Department PIFRA Pakistan Improvement to Financial

    Reporting and Auditing Project PO Police Order PRSP Poverty Reduction Strategy Paper PSC Public Service Commission PSDP Public Sector Development Program PTAs Provincial Transport Authorities PTAs Parent Teacher Associations RTA Regional Transport Authorities RWSSP Rural Water Supply and Sanitation

    Program SAP Social Action Program SLGO Sindh Local Government Ordinance SMCs School Management Committees TAOs Tehsil Accounts Officers TC Tehsil/Taluka Council TMAs Tehsil Municipal Administrations UC Union Council UIPT Urban Immovable Property Tax W&S Water and sanitation WAPDA Water and Power Development Authority WASA Water and Sewerage Authorities WB World Bank WDD Womens Development Department ZC Zila Council

  • Abstract The military regime overthrew the elected government in Pakistan in 1999. In order to legitimize their overtaking of power, it immediately announced a national reconstruction plan. This plan, among other components, put forward an elaborate proposal of devolution & decentralization along with creation of a local government system. This study is an overview of devolution in Pakistan introduced in 2001 with the election to local governments and promulgation of a local government ordinance. It covers the period from 2001 to 2003 during which the local governments went through the teething phases. The study looks at the context under which local governments have existed in Pakistan. It analyses the process of devolution by looking at its political, administrative, fiscal and development components. It identifies the specific problems being faced in implementation by various stakeholders and offers policy prescriptions to remedy the identified problems. The outcomes of the study target the government agencies involved in implementation of the process, various related agencies, donor organizations supporting the process and researchers and common people having interest in the subject.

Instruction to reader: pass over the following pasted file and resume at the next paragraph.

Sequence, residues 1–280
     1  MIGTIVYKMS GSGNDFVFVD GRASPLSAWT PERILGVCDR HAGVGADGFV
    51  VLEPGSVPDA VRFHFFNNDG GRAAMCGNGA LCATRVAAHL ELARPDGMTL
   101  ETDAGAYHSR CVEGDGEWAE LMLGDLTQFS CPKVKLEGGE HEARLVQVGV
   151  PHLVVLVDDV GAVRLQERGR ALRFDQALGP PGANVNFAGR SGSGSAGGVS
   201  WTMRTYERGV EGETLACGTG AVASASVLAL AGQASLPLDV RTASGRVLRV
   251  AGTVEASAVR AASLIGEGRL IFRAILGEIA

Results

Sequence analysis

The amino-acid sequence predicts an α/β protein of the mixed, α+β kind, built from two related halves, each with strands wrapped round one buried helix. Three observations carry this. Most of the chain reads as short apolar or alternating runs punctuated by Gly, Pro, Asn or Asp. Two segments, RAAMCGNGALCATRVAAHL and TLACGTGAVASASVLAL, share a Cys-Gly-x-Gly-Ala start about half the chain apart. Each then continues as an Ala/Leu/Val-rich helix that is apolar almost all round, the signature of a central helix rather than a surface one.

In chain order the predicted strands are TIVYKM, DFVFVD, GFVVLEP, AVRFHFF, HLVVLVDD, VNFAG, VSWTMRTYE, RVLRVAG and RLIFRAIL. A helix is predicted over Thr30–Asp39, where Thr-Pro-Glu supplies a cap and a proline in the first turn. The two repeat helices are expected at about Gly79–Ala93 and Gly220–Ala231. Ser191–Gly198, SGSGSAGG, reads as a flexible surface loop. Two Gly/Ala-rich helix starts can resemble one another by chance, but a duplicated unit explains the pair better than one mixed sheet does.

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    1. Introduction

    1.1. Decentralization, or decentralizing governance, refers to the restructuring or reorganization of authority so that there is a system of co-responsibility between institutions of governance at the central, regional and local levels according to the principle of subsidiarity (i.e. the local authorities will have the authority and responsibility to address all problems that are, in their determination, within their ability to solve), thus increasing the overall quality and effectiveness of the system of governance, while increasing the authority and capacities of sub-national levels1.

    1.2. Devolution, along with two other types of decentralization (fiscal and

    administrative), is the transfer of resources and power (and often, tasks) to lower-level authorities which are largely or wholly independent of higher levels of government, and which are democratic in some way and to some degree2. Devolution/Decentralization is not unique to Pakistan, but a global trend. Most developing countries are embracing decentralization whether in Latin America, Europe or East Asia. Decentralization is a worldwide phenomenon for at least two reasons a) need for political stability-

    decentralization means dispersion of formal political power to elected local level politicians. This dispersion of power is global trend.3 Political scientists suggest that this is an outcome of the declining credibility of the centralized state. In a fundamental sense, decentralization is a strategy to maintain political stability; and b) more effective and efficient service delivery4. Decentralization is expected to achieve higher economic efficiency, better accountability, larger resource mobilization, lower cost of service provision and higher satisfaction of local preferences. According to this devolving resource allocation decisions to locally elected leaders can improve the match between the mix of services produced by the public sector and the preferences of the local population. Decentralization is thought to be particularly beneficial for rural development in disadvantaged jurisdictions. It usually entails a net transfer of fiscal resources from richer to poorer areas and leads to an increase in the quantity and quality of expenditures in these areas. Pakistans experiment in decentralization, termed devolution due perhaps to its political component, basically aims at bringing the above-mentioned benefits to its population.

    1.3. In October 1999, the politically elected government was overthrown as the

    military took over power in Pakistan. The Military Government immediately came up with a seven point agenda to address the so-called institutional crisis and to advance national reconstruction. The seven point agenda